This photo was taken of Peter Kassig earlier this month in Idlib Province, Syria, with some of the supplies they purchased for delivery to the refugee camp. (Photo submitted by Patrick Thevenow)<br /><br /><!-- 1upcrlf2 -->
This photo was taken of Peter Kassig earlier this month in Idlib Province, Syria, with some of the supplies they purchased for delivery to the refugee camp. (Photo submitted by Patrick Thevenow)

Patrick Thevenow has finished his first semester toward earning a master's degree in Middle Eastern studies and Arabic at the University of Chicago. But his ambition goes way beyond the boundaries of the classroom.

The 2008 Madison Consolidated High School graduate is involved in a nonprofit effort to provide relief to refugees affected by the Syrian conflict.

The organization, Special Emergency Response and Aid (SERA), was founded by Iraq veteran Peter Kassig. The group has been incorporated as a nonprofit, but the IRS is currently processing its 501(c)(3) status, which means donations are not yet tax-deductible. Kassig is an Indianapolis native, but he attended courses at Hanover College. He met Thevenow at Butler University and encouraged him to lend a hand.

Now, they have a five-member board of directors, and they're working in Lebanon to have their nonprofit deeply rooted in the Middle East.

Thevenow said the goal is to "try to ease whatever critical burdens they may have."

The organization recently delivered its first wave of supplies, including food and gas-cooking stoves and other items, and it also has transported shipments of donated clothes to refugees in Syria.

The uprising in Syria began in March 2011 when protesters demanded the resignation of President Bashar al-Assad and called for the collapse of the Ba'ath Party.

More than 40,000 people have died, half of which were civilians, the U.N. estimates. In addition, thousands of refugees have escaped to neighboring countries Turkey, Lebanon and Jordan.

Kassig works in Lebanon and coordinates the effort, while Thevenow handles the operations in the United States.

While the Middle East makes national headlines daily and is heavily featured in American politics, Thevenow said the organization's focus is much more on the individuals than the politics.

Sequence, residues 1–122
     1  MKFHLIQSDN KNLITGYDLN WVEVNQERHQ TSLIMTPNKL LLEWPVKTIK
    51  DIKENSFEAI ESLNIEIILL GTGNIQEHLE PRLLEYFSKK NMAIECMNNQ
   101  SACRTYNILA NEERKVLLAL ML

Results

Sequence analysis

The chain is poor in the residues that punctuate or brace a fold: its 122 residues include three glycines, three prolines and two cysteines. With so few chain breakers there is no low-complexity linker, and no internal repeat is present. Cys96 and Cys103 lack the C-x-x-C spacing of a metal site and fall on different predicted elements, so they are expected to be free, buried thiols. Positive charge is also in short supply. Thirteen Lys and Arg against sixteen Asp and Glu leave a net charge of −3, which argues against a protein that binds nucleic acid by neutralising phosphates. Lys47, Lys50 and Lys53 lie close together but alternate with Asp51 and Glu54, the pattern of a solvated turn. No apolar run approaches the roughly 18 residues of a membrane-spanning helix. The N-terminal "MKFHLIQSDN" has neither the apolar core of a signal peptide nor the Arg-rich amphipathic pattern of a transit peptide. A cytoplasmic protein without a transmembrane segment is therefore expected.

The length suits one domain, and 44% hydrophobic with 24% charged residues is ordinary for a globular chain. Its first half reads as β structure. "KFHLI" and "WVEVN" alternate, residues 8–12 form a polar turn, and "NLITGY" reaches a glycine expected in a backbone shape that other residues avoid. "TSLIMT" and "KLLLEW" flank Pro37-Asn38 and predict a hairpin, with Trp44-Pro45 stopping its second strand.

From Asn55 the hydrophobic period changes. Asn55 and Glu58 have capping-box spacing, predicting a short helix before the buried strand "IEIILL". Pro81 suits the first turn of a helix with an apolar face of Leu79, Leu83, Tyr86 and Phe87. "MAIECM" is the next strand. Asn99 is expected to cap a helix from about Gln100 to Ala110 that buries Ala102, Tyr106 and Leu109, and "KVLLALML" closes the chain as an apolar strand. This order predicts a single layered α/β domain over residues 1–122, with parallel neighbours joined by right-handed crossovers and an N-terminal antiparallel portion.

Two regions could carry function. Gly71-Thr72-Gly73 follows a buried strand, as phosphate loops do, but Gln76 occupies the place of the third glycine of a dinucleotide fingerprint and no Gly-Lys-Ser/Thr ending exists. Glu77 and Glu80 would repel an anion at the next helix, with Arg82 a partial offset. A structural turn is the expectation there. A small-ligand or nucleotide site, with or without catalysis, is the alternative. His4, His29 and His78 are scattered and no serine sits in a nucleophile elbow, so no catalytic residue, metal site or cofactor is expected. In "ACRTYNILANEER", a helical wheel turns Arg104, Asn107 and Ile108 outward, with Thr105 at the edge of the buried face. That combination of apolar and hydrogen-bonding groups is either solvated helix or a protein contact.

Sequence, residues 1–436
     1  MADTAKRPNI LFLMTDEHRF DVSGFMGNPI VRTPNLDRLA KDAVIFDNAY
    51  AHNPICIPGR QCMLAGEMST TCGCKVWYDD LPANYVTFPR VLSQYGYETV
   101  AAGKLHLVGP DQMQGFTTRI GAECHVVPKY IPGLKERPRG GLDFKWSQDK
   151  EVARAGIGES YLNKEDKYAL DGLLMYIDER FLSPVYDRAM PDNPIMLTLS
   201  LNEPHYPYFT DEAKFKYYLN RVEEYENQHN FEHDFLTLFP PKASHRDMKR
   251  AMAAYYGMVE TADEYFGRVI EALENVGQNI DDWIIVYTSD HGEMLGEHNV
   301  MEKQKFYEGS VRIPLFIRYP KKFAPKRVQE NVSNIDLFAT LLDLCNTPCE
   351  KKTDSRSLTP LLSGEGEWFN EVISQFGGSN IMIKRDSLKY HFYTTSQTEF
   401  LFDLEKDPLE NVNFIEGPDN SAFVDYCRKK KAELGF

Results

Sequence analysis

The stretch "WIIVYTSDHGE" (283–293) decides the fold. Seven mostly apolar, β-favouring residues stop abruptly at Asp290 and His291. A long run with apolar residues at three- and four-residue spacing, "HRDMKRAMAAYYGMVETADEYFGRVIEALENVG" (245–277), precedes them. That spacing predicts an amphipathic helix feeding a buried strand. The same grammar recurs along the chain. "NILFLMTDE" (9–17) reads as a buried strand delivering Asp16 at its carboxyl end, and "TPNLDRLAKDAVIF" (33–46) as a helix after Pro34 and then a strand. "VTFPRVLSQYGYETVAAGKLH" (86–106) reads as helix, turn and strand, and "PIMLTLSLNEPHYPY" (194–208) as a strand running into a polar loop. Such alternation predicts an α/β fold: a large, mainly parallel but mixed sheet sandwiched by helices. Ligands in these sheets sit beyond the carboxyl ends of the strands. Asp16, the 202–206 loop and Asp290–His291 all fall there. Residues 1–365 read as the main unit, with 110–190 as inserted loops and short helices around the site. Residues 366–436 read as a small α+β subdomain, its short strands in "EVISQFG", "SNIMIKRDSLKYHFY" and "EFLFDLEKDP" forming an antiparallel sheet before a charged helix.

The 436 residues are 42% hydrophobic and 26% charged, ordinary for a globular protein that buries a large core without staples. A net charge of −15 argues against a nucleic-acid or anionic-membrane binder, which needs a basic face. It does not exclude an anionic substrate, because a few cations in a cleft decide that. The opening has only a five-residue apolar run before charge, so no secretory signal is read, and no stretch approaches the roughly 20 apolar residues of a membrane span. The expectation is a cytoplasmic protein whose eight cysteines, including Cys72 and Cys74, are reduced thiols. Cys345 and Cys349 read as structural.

"You see these people and there is shelling going on in their home town, and they've still got to keep going. They've got to find a job, they've got to take care of their families and find a place to live," he said.

Thevenow first became interested in the Middle East at Butler University. He lived with a family in Oman - near Saudi Arabia and Yemen - for four months in 2010. Thevenow said there he learned and experienced daily life in the Middle East, and he found that the daily obligations and worries were not all different from those in America.

"There's very little exposure to daily life in the Middle East for Americans," he added.

Additionally, last year, he was awarded a research grant for his honor's thesis to study in Lebanon and Iraq. On that trip, he visited a Palestinian refugee camp and witnessed the effects of decades of instability and displacement.

The housing facilities were very poorly constructed. Exposed wires ran every direction and there was little to no drainage.

"It was a pretty intense situation, seeing what they needed there," he said.

Right now, Thevenow said, the "immediate attention" for the nonprofit is with the people of Syria, but he hopes that the organization can expand to help others displaced in the Middle East, as well.

"With a little bit of luck and hard work, we can turn this into something that can do a lot of good in changing the lives of people over there," he said. "And moving it beyond those of us that are involved now."

In the meantime, Kassig's church in Indianapolis has extended a hand in providing clothing and accepting donations for the cause. And now that much of the legal work is behind them, Thevenow plans to visit Lebanon in the summer in an effort to expand the operations and work on the ground level.

He hopes to return with more information in order to persuade others to embrace the term "global citizen."

"While we've got plenty of problems here that we need to be working on, we can't forget our place in the world as citizens of the world," he said. "Our ability to help these people are there, so we should try to take advantage of that."